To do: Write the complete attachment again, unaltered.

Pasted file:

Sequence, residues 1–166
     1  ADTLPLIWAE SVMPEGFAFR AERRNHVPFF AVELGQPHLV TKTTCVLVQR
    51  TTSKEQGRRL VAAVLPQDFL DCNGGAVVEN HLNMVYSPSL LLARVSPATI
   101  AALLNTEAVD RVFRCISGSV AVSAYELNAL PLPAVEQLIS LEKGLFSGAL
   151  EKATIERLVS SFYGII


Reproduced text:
Sequence, residues 1–166
     1  ADTLPLIWAE SVMPEGFAFR AERRNHVPFF AVELGQPHLV TKTTCVLVQR
    51  TTSKEQGRRL VAAVLPQDFL DCNGGAVVEN HLNMVYSPSL LLARVSPATI
   101  AALLNTEAVD RVFRCISGSV AVSAYELNAL PLPAVEQLIS LEKGLFSGAL
   151  EKATIERLVS SFYGII